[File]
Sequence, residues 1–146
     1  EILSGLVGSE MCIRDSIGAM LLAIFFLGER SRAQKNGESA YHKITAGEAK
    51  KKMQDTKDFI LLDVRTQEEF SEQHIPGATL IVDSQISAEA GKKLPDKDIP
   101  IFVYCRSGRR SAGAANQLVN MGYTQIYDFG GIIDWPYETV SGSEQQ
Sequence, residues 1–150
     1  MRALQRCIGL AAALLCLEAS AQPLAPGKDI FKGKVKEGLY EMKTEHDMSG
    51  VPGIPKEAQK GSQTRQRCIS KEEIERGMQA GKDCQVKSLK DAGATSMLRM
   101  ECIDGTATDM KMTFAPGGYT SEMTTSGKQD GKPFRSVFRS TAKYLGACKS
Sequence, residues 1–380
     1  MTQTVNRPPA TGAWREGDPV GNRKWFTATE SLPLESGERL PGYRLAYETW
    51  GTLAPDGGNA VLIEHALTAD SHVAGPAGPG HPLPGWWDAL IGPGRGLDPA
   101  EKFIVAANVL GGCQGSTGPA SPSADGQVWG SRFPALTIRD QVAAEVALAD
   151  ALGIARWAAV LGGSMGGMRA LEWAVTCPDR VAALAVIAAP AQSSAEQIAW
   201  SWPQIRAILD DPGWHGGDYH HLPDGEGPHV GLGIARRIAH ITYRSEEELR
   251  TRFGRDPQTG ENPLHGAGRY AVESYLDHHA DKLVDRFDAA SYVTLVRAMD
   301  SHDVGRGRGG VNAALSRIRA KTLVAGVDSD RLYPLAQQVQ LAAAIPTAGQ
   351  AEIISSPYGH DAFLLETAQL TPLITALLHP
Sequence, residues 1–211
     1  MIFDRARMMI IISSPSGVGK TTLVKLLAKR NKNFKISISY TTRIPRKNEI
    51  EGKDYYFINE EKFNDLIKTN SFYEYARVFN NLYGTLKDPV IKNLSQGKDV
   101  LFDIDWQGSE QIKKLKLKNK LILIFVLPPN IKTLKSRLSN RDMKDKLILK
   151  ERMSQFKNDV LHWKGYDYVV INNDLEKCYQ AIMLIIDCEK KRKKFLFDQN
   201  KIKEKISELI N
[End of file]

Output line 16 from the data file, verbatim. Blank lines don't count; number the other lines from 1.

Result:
   301  SHDVGRGRGG VNAALSRIRA KTLVAGVDSD RLYPLAQQVQ LAAAIPTAGQ